As The Rocket darted away down the street he was laughing at his daring. It never failed to amuse him that it was so easy to swipe a purse in broad daylight. His feet had carried him a mere 10 feet before they betrayed him. Without time to understand what was happening to him The Rocket watched as the pavement rose up to meet his face. He dropped the purse he had just liberated in an attempt to protect himself. Just before he reached the ground, he heard a voice.
“Once you’ve finished your fall I would suggest you stay there.” An ominous voice instructed.
“What the . . . !”
“Watch your language young man. There are ladies present.”
The Rocket tried to sit up but realized that there were something sticking in the middle of his back keeping him down and it hurt. As a matter of fact most of him hurt. Someone had tripped him!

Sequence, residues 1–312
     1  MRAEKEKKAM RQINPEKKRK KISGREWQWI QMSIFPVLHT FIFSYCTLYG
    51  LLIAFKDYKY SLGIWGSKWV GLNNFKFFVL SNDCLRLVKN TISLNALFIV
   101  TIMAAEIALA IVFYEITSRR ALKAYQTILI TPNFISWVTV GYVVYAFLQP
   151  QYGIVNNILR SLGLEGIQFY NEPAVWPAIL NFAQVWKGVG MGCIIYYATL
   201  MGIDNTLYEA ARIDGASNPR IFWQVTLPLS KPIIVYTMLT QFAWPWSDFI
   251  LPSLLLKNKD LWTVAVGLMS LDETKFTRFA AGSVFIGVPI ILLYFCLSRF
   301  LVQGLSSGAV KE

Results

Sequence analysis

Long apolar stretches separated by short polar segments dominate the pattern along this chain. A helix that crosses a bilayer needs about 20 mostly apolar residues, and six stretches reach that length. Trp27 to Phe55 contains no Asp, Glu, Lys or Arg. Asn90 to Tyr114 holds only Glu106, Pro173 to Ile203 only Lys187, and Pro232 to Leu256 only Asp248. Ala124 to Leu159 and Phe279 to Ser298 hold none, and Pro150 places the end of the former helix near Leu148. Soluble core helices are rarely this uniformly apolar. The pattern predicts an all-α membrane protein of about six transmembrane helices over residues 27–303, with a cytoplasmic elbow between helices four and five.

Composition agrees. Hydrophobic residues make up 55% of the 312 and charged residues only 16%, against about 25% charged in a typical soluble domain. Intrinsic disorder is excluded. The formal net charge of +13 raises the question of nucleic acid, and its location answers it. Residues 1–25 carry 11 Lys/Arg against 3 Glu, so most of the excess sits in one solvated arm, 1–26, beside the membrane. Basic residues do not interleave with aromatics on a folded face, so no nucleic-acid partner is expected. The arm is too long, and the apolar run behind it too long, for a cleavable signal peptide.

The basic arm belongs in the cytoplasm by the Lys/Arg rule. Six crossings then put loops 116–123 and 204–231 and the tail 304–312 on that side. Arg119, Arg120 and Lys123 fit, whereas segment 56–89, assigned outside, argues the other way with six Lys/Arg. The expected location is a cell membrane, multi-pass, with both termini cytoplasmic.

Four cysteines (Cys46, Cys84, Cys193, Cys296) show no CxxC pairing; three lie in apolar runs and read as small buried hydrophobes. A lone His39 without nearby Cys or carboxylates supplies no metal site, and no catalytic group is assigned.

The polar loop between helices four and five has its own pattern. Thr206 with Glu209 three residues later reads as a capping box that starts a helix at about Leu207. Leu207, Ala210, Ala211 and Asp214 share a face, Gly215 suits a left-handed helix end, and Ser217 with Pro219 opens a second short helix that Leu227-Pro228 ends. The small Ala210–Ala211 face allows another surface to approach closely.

A moment went by as The Rocket collected his thoughts.
“That’s better Richard. You might want to get up off the pavement. It is a little undignified.” That voice again!
“That’s not my name!” As he stood up, the boy known as The Rocket looked at the man who seemed to be the cause of his most recent fiasco.
“Your name is Richard Dunston. You are 14 years old and have been in and out of juvenile hall for two years. Your mother is so worried that she asked me to take you under my wing. So why don’t you sit down here and we can get to know each other a little better.”
The newly identified Richard stood staring at this old man with a cane and dog. He couldn’t think of anything to say. So he said nothing. He also wanted desperately to run away but he realized now who exactly was sitting on the park bench. This man probably had Richard’s future in his hands. So Richard, formerly known as The Rocket, sat down.